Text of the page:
I passed out like a frat boy after his first keg stand when I got home from work today.
I’ve never been a frat boy, I’ve never done a keg stand, I’m not entirely sure what it entails and I’m sure it’s not something I want to experience, but it definitely sounds like something that would cause someone to pass the fuck out the way I did this afternoon. The only difference is that I didn’t alienate my entire subway car with the odor of my beer-soaked shirt or the fear that I’d vomit on them, and I woke up feeling better than when I first lay down.
Aside, based on television show currently playing in the background: The Stormchasers are a bunch of tools in clown-shoe looking wannabe tanks. What do those things get, 4 miles to the gallon? Tornadoes are god’s way of saying GO THE OTHER WAY. However, hearing someone yell, “It’s huge, we gotta get a probe it in!” is funny, so I suppose it’s not completely without redeeming qualities. Stormchasers seems to be rich in opportunities for “That’s what she said!”* Someone should make a drinking game.
Anyway, the passing-out means I did not hop off the train on the way home to pick up the ingredients for dinner, which was supposed to be some kind of North African chicken with chickpeas and winter squash thing from A Platter of Figs, an excellent cookbook for the awake. It did mean that when I stumbled into the kitchen at 8:15, not feeling particularly hungry, I decided it was time to bake something instead. Because just because you’re groggy and not particularly hungry does not mean it is not the time for chocolate cookies.
*”Look at that beautiful beast!”
I wanted something chewy and oaty, so I cracked Dorie Greenspan’s Baking to see what kind of oaty shit she had going on.
That did not come out the quite way I meant it.
She had several oat options. Option one was some kind of bar cookie with a layer of chocolate* that sounded great but involved a lot of chilling post-baking; a time suck not helpful for bakers who want to bake and eat a damn cookie and then go to bed. These cookies were option two, double chocolate (bittersweet chocolate and cocoa powder) oat spoon cookies (as opposed to the sliced log kind of cookie) that have some kind of cute name like choco-oatmeal chewies or oaty chocolate wonder drops or some shit like that. The book is upstairs, so we’ll never know. If you really care, buy it (it’s a good book) and look it up. All I know is, they’re full of oats and brown sugar and chocolate, and they come together right quick.
*I just typed “lawyer of chocolate” by accident, which: Best. Lawyer. Ever.
They actually start out a lot like brownies; that is, with a lot of butter and chocolate and in this case, brown sugar. While it melted together, I pulled flour, cocoa and cinnamon together. I didn’t actually sift them the way I was supposed to, because the sifter is in this low cabinet behind all this other crap and you have to move it all and then put it back and let’s be frank, the whisks are right there on the counter and they do virtually the same thing.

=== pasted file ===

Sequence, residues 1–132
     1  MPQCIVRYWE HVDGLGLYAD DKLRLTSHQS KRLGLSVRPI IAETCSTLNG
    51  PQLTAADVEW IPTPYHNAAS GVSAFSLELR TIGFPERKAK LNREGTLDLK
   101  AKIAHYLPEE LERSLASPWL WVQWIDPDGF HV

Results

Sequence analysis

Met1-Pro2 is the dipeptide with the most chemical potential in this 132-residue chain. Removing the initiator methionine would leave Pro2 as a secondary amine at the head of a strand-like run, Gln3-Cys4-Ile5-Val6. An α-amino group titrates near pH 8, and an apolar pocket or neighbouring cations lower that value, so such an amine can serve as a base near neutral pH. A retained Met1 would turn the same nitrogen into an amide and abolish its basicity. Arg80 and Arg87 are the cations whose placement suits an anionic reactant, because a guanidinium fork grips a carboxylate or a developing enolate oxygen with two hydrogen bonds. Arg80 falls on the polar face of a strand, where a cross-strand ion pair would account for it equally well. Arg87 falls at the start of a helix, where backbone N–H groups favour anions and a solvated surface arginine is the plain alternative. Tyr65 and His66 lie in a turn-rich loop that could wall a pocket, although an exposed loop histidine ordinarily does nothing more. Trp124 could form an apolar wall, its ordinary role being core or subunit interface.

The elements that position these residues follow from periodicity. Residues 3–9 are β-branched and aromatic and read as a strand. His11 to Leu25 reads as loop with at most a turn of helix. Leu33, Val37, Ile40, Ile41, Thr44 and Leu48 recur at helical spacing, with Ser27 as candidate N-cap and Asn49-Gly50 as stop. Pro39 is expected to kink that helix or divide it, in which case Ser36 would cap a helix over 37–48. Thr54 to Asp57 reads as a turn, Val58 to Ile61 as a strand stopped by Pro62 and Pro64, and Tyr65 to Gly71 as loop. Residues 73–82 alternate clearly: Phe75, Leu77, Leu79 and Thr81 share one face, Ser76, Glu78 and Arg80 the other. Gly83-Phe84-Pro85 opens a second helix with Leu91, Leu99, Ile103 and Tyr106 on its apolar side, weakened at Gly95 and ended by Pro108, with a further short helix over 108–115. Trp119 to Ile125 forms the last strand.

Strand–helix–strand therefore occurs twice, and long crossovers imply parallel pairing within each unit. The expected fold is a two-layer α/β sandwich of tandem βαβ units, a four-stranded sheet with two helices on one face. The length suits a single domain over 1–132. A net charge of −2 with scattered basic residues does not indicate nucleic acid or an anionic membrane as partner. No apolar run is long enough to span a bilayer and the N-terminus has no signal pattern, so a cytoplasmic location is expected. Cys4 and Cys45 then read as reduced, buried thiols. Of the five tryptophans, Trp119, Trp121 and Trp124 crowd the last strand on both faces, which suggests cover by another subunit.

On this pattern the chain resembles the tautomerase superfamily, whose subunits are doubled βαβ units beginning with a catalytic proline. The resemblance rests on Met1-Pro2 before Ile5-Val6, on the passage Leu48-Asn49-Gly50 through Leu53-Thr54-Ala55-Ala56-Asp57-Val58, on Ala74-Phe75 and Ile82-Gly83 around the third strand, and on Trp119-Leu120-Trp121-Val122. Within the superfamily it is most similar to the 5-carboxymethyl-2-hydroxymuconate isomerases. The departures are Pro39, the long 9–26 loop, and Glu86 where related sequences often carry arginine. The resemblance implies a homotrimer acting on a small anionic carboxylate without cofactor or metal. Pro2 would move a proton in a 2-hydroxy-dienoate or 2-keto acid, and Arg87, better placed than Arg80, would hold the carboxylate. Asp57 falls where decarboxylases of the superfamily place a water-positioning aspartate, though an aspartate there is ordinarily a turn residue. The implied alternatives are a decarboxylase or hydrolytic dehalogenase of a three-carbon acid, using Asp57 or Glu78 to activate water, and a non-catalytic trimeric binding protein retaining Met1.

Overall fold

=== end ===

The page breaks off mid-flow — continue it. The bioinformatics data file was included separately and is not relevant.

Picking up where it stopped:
“The tornado is in the ground” is going to be my new code phrase for something, I just haven’t decided what yet. Suggestions welcome.
I folded the dry ingredients into the butter-chocolate-sugar-eggs mix. The instructions told me to mix just until the dry ingredients were no longer visible. It’s certainly not the first time I’ve run across an instruction like that, but I have trouble with them every time. Because I’m stirring, and the dry ingredients have just disappeared, but then I see something that may or may not be a lump and what if it’s a giant tumor of unmixed flour that will destroy whatever I’m baking? It could happen. So I stab at the the lumps, and eventually I just decide to mix, just for another minute, because can it really hurt?
The Stormchasers: “We’re all gonna get screwed!””We just gotta take it.” “I’m going to be thinking about the last 30 minutes for a long, long time.”
Surely, an extra 30 seconds of mixing to eradicate the possibility of flour tumor wins out in the cost-benefit analysis, yes? I say yes, and not just because that’s my MO.
After the flour came the oats. There were no instructions re: mixing specifics, so I mixed the holy hell out of those oats. And I’m proud, I tells ya. PROUD.
I lined some baking sheets with parchment, dropped spoonfuls of dough larger than I was supposed to because that’s also a problem I have – this did not quite make the 50 cookies Dorie told me it should – and got to baking.
My first batch came out a little under-baked; it’s a little tough to tell when the edges of the cookies are darkened when the cookies are, you know, already brown. Some of them fell apart when I tried to move them from the backing rack to the cooling rack, so I had to eat them. The under-baked cookies, they are good: all the yumminess of eating raw cookie dough, none of the voice in the back of your head telling you that the raw egg yolks are going to make you sick. The second batch came out just right. That is to say, fully cooked and structurally sound but not as good as the gooey ones.
I fed one piece of cookie detritus to Brian, who proclaims that they taste exactly like a good oatmeal stout is supposed to. So if that’s your thing, these are the cookies for you. I like to have them with milk, but if you want to have it with beer I’m not going to stop you. Or if you can’t get your hands on a good stout, you could always put these in a blender and thin ’em out with a little club soda; I’m sure that would be just like beer.
My single cookie and small glass of milk hit the spot, the effort expended was minimal, and did I mention cookies? And any night that ends with fresh cookies is a night that’s okay in my book.